ABOARD THE USS ABRAHAM LINCOLN: The Navy dragged its feet for years after committing to buy the F-35C for carrier operations.
They worried it would be too expensive to maintain. They worried the tailhook problems would persist. They worried it was too heavy. Let’s face it: the Navy leadership was just worried. After all, they had a fighter that works, the Super Hornet, already flying, thoroughly integrated into the complex and dangerous dance of the carrier air wing. Some were nearing the end of their operational life but the Navy committed to strengthening their wings and keeping them flying.
But on August 27, for the first time, F-35Cs launched, landed and maneuvered around the flight deck with F/A-18E/F Super Hornets, EA-18G Growlers (which jam enemy radar), E-2D Advanced Hawkeyes (radar/recon planes), and C-2A Greyhounds (cargo craft, being replaced by the the V-22) . I was lucky enough to be part of the small media group invited aboard. Operating alongside the rest of the air wing is a big step, dramatically more complex than when I’d visited the USS Nimitz in November 2014 and the F-35Cs flew and landed by themselves.
There really wasn’t much news made, aside from the routine nature of the takeoffs, landing and deck maneuvers. But the man in charge off integrating the F-35C into the Navy, Rear Adm. Dale Horan, did tell me that the Navy has been pleasantly surprised by their ability to maintain the Joint Strike Fighter’s stealth characteristics. While such maintenance remains complex, he told me, it’s very manageable and less onerous than some had feared.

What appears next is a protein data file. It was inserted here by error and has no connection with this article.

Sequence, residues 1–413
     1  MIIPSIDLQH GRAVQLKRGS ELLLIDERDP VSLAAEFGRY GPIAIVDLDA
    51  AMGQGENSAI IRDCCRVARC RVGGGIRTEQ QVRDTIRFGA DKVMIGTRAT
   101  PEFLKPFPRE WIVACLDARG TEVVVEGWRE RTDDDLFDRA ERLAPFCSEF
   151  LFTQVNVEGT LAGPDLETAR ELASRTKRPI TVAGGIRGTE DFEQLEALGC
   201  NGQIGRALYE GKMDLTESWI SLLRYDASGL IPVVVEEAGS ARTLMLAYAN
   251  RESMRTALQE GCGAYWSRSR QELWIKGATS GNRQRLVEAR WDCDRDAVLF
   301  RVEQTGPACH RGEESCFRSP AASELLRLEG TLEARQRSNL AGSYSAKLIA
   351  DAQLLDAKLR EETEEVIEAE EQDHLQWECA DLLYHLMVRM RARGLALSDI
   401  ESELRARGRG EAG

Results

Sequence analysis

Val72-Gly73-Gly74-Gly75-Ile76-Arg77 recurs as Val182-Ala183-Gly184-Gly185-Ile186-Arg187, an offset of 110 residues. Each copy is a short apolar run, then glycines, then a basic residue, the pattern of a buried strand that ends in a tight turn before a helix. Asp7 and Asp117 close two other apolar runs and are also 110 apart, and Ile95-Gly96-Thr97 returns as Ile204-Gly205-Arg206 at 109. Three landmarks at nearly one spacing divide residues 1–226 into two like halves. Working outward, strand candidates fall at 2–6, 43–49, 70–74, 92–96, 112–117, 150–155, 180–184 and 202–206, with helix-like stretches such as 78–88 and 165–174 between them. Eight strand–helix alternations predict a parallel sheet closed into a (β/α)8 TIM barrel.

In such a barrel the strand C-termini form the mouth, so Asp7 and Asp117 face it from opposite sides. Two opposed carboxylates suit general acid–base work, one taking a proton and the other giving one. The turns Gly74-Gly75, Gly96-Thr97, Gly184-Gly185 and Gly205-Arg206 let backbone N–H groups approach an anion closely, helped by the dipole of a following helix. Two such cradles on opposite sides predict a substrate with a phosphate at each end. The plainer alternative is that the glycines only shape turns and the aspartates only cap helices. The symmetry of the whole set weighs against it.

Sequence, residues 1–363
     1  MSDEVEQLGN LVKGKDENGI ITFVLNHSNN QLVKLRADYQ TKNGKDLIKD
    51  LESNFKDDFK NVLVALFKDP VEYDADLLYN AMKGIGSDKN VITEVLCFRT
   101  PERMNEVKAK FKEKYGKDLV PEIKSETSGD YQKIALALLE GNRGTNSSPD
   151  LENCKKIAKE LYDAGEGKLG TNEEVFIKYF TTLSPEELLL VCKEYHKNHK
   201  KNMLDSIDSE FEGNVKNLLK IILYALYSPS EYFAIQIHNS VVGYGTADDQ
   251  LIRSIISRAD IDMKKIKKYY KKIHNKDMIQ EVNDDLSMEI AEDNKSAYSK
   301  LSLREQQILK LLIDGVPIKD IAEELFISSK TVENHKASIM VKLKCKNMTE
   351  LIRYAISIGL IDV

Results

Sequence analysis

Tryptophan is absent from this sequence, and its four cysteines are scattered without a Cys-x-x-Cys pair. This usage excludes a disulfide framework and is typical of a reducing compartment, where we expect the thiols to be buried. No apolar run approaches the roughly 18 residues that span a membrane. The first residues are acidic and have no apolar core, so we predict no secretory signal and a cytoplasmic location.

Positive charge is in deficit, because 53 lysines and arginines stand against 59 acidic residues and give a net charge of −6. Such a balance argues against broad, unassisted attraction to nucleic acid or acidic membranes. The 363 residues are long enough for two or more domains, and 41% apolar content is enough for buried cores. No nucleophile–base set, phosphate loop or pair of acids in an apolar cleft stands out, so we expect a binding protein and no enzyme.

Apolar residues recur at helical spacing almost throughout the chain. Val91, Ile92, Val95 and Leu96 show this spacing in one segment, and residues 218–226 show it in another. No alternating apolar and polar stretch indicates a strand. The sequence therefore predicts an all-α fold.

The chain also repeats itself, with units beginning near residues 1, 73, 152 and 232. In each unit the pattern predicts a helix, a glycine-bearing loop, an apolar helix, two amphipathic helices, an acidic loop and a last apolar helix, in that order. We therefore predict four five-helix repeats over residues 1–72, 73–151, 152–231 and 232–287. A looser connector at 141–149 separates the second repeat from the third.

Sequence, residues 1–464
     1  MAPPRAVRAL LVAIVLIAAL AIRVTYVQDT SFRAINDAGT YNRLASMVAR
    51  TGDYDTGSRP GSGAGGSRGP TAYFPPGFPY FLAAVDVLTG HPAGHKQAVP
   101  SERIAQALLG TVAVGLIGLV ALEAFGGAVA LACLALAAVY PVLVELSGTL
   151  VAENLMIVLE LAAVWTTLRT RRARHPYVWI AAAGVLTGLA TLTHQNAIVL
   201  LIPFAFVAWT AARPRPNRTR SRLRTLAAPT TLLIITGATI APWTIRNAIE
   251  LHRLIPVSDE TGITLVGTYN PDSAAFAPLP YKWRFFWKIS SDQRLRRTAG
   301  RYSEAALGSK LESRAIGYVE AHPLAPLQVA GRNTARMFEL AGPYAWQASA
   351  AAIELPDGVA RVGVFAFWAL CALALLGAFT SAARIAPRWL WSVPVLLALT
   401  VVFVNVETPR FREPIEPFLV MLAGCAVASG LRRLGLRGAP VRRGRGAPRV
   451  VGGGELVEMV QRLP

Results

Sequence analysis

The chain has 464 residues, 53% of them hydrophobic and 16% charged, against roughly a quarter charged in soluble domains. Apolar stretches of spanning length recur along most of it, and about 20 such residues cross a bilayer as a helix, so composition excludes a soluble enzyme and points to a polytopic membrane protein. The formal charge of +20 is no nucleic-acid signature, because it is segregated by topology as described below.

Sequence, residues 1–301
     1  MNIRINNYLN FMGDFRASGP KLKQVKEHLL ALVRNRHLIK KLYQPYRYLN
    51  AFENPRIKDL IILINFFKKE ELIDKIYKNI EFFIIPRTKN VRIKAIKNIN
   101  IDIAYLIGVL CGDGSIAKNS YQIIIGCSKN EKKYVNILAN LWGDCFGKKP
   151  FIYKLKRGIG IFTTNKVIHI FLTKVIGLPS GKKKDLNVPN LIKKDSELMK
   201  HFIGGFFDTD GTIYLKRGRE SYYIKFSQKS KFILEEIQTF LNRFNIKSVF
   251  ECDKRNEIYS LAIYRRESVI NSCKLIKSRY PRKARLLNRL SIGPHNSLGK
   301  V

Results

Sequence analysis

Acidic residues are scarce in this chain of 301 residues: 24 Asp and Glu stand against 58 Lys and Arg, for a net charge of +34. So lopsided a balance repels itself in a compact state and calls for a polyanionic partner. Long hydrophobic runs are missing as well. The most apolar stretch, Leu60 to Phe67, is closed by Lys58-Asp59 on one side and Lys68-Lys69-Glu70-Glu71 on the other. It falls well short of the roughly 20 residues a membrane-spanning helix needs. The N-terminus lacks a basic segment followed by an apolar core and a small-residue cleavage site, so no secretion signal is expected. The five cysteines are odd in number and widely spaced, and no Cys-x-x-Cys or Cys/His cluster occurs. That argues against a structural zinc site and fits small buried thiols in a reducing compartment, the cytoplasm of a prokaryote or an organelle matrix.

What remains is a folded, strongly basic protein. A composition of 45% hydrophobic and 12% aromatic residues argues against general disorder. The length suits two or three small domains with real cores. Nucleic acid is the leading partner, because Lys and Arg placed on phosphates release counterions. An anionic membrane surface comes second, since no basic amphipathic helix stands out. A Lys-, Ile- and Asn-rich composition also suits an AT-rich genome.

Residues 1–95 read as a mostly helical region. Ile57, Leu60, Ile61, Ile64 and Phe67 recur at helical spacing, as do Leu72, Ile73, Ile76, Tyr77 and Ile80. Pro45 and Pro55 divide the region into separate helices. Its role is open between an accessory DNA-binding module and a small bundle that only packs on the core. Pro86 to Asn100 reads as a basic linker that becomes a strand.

Overall, the operational tests were meant to demonstrate how the F-35C “integrates with the ship, how it interoperates with communications, data links, other aircraft, and then how we conduct the mission and tie into the other aircraft that are conducting that mission and how effective they are when they do it.” The aircraft were performing simulated combat missions and performing as they would in combat conditions. If you watch the full video you’ll see how quickly and efficiently the various aircraft are maneuvering, taking off and being recovered.
This is an inherently high-risk business. As my colleague Ben Werner at USNI reported yesterday, one F-35C had suffered a Class A mishap on Aug. 22 during refueling from an F-18 Super Hornet. Class A means the plane suffered more than $2 million in damage or someone is badly injured or dies. The F-18 was also damaged. It was a Class C mishap, meaning the plane suffered less than $500,000 in damage. Everyone landed safely, USNI says.
Thank you to the crew of the Lincoln for putting up with this nosy reporter, feeding us well and keeping us safe. When we landed we got the thrill of heading straight from our COD flight up to the bow through several moving aircraft.
(Apologies to our readers for this late posting. My life got in the way.)